The new firm is the result of a partnership between ANAROCK and Faithlane Property Consultants, headed by retail realty veteran Anuj Kejriwal who joins as CEO & MD – ANAROCK Retail.
ANAROCK’s entry into the retail real estate domain was really only a matter of time,” says Anuj Puri, Chairman – ANAROCK Property Consultants. Mr Puri is himself an acknowledged retail real estate expert who, in addition to his previous role as Chairman of a leading IPC in India, was also Chairman of its Global Retail Leasing Board.
Across the globe, 5th June is celebrated as World Environment Day, which is the principal platform of the United Nation to create more awareness and action towards protecting Earth’s environment. This day has a very special significance for the real estate sector
Over the past few decades, fast-paced economic development coupled with rapid population growth and urbanization has led to a rapid depletion of natural resources.
The accelerated rate of resource consumption and rise in greenhouse gases’ emission has resulted in significant environmental degradation. This has, in turn, resulted in climate change, the rise in average temperature and deterioration of air quality.
The building sector is one of the major consumers of natural resources such as water, energy and other raw materials. It generates a large number of wastes and pollutants during the three phases of its life cycle – construction, maintenance and deconstruction.
As per estimates, the construction sector consumes an approximate 25% of water and 35-40% energy, apart from other raw materials. Additionally, it emits 40% of global wastes and 35% of greenhouse gases.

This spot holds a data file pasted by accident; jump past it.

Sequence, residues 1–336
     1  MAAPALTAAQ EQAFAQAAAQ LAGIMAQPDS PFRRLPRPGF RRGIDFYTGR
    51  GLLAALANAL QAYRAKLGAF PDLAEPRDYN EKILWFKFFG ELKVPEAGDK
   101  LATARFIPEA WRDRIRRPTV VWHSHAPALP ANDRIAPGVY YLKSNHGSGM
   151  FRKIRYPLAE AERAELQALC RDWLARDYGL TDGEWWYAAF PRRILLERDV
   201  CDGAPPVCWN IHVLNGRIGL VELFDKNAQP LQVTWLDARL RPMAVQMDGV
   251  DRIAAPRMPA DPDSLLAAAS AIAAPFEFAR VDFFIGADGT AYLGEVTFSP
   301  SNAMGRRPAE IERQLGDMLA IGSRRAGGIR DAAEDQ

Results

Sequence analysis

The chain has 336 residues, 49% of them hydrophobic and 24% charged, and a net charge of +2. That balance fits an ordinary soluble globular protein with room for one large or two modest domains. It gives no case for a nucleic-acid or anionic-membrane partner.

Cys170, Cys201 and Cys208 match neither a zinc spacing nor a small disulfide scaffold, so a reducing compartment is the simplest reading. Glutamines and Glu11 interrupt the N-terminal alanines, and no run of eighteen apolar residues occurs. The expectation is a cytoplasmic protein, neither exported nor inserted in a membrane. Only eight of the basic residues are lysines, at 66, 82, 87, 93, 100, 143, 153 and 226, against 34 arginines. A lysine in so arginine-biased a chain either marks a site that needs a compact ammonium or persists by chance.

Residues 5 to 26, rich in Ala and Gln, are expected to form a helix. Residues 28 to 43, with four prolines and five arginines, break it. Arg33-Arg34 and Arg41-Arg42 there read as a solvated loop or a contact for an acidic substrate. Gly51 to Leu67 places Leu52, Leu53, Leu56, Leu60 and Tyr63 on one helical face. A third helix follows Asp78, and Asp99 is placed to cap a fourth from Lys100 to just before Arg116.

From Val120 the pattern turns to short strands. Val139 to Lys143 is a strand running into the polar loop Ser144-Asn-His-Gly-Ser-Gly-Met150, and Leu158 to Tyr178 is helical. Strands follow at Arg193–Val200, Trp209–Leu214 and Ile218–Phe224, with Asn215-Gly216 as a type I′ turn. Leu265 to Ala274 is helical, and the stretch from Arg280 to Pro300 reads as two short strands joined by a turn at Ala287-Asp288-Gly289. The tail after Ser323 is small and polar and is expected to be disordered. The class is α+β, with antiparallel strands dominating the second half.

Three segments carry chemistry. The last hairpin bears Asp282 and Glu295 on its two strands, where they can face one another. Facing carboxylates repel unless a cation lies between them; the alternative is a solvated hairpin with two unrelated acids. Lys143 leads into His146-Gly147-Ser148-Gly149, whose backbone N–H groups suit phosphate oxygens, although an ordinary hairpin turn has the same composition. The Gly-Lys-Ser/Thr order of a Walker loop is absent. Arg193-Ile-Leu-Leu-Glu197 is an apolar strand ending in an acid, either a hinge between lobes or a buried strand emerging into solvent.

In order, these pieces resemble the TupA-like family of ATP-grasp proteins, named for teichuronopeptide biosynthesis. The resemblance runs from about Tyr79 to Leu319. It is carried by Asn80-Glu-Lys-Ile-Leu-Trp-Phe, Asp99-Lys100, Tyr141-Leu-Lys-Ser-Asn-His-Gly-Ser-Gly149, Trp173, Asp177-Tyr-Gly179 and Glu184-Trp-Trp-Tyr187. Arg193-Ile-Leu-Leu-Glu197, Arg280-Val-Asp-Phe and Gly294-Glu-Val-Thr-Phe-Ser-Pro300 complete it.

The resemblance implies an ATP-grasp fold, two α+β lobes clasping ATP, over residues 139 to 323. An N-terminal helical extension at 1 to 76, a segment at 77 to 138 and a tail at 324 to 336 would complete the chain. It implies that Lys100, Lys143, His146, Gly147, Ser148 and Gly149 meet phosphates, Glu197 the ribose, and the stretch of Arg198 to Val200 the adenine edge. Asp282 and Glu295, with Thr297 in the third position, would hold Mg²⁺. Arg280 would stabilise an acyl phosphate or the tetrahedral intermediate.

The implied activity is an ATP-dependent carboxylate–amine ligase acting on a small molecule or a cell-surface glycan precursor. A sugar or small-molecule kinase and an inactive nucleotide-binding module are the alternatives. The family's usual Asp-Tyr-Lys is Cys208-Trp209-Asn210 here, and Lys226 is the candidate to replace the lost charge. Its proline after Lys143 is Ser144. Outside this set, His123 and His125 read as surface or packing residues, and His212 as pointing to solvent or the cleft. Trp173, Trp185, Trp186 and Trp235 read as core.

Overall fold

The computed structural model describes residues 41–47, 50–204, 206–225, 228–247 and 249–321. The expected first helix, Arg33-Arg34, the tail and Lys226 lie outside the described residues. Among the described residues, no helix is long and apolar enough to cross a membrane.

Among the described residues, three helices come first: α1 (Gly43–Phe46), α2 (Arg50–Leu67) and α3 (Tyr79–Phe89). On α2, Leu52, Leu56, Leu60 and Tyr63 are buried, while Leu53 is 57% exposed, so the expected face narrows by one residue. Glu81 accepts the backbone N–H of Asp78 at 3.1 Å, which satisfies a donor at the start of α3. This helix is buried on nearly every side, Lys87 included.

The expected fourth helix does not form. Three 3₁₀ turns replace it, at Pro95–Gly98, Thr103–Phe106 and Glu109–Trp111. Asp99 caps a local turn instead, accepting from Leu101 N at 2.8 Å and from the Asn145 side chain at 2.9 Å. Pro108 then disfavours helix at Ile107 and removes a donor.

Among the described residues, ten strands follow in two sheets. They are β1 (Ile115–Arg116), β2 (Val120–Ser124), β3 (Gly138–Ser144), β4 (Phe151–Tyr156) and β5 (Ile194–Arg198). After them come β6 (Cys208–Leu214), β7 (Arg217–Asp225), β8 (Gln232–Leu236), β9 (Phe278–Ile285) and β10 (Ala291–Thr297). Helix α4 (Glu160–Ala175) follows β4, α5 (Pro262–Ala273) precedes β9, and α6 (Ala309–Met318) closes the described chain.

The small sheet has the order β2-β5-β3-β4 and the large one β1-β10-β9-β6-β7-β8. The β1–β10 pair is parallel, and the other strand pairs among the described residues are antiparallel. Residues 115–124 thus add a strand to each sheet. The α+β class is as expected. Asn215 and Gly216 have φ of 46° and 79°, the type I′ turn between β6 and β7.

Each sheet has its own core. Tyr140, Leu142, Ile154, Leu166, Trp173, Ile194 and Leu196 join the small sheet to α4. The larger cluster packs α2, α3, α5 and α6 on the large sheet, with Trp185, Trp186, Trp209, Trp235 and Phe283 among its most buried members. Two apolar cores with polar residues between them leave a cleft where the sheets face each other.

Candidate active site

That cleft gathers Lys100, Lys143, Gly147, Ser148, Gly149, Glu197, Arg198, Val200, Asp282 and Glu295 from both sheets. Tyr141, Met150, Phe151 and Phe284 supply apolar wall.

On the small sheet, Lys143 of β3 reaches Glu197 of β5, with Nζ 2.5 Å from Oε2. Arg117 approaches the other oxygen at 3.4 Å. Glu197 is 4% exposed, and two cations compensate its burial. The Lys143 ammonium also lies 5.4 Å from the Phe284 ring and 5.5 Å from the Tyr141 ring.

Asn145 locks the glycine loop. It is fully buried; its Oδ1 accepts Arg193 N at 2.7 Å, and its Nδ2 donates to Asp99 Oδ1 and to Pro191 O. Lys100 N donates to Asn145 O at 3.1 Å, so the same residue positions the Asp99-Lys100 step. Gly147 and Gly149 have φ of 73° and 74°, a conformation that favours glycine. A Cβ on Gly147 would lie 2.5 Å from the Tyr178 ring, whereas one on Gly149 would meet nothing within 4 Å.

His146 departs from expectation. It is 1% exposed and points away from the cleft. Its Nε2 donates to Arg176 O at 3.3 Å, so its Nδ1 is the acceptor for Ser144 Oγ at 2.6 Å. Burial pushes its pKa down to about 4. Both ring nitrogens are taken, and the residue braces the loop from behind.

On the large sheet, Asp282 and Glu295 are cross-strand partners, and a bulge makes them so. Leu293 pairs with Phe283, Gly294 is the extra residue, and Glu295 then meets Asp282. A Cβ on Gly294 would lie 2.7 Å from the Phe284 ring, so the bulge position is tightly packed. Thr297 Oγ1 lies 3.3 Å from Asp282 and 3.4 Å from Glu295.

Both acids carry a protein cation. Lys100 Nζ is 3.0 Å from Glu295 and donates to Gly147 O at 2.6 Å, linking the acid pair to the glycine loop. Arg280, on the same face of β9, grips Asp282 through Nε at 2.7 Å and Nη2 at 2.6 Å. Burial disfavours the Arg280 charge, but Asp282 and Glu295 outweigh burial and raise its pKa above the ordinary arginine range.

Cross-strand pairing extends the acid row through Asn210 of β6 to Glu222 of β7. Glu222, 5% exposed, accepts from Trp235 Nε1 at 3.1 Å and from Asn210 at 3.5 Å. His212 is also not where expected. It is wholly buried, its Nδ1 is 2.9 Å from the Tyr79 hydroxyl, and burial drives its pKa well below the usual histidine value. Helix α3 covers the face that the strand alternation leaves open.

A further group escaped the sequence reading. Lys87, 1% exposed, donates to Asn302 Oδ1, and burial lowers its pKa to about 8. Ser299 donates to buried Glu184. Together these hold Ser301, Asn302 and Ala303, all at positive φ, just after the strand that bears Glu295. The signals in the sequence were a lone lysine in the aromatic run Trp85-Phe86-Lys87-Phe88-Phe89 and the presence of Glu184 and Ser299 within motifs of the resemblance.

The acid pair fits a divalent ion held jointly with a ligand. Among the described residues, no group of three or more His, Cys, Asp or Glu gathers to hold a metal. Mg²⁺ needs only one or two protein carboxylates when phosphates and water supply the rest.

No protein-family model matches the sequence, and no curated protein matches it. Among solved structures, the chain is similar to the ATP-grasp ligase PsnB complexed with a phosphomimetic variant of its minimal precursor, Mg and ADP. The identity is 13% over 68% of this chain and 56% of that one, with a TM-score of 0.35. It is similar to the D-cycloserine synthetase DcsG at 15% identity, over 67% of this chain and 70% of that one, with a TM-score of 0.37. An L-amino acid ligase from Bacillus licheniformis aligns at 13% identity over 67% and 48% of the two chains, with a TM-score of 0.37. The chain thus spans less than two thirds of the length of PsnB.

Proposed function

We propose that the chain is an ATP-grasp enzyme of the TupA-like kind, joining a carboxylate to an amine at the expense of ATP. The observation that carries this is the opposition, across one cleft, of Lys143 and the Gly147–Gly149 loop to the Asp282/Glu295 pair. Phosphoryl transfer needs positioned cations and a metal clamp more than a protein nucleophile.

Located in south-eastern peripheries of Pune, Undri was once a small and unremarkable village outside the Pune municipal corporation limits. After opposition from residents regarding merging of Undri into the Pune Municipal Corporation (PMC) in 1997, it was demerged in 2002.
In 2017, Undri came under the purview of the Pune administrative authority – Pune Metropolitan Region Development Authority (PMRDA). Many residents of the region, whose primary occupation was agriculture, sold their land parcels to private real estate players, thus paving the way for rapid growth of residential and commercial developments in Undri.
Surrounded by micro-markets such as Hadapsar, Pisoli, and Handewadi, Undri offers relatively serene surroundings with thick green cover. It has good social infrastructural facilities including educational institutions, healthcare facilities, and entertainment options.
Various IT-ITeS establishments including Magarpatta City in Hadapsar, Eon Free Zone in Kharadi and SP Infocity in Phursungi have created massive residential demand in and around the regions, eventually hiking property prices in these areas.
Undri caught the spill-over demand from these nearby markets with its relatively lower property values.
‘Small is beautiful’ is the new buzzword with Indian millennials when it comes to buying homes in cities like Mumbai.
These young professionals are less focused on size and look for homes in locations close or well-connected to their workplaces so that their daily commute is reduced and work-life balance is maintained. Compact homes are also low on maintenance expenses and are invariably very budget-friendly in all respects.
With the ever-increasing rents in a city like Mumbai, buying a compact home is also a very suitable option for several new citizens. Taking a small loan and paying up the monthly EMIs on an investment-grade asset which can be easily resold is seen as preferable to shelling out hefty rents.